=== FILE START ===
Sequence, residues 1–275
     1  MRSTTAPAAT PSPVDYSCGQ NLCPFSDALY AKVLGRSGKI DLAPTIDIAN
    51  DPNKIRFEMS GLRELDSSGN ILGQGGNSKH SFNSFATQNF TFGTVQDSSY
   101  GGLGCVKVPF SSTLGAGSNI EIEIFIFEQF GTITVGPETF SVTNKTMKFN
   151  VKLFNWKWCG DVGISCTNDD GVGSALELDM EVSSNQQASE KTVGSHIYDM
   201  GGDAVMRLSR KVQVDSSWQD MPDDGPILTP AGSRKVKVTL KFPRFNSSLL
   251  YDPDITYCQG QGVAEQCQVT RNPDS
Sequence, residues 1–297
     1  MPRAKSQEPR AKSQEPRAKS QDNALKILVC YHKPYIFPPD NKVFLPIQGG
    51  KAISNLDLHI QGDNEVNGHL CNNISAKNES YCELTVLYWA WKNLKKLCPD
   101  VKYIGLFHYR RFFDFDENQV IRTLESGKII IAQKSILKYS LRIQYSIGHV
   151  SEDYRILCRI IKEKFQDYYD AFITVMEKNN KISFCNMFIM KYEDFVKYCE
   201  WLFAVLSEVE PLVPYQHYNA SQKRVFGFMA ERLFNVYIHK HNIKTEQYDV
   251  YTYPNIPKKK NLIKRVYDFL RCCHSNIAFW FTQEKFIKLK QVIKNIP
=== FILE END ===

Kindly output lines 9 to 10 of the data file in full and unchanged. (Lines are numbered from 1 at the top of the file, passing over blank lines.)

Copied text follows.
     1  MPRAKSQEPR AKSQEPRAKS QDNALKILVC YHKPYIFPPD NKVFLPIQGG
    51  KAISNLDLHI QGDNEVNGHL CNNISAKNES YCELTVLYWA WKNLKKLCPD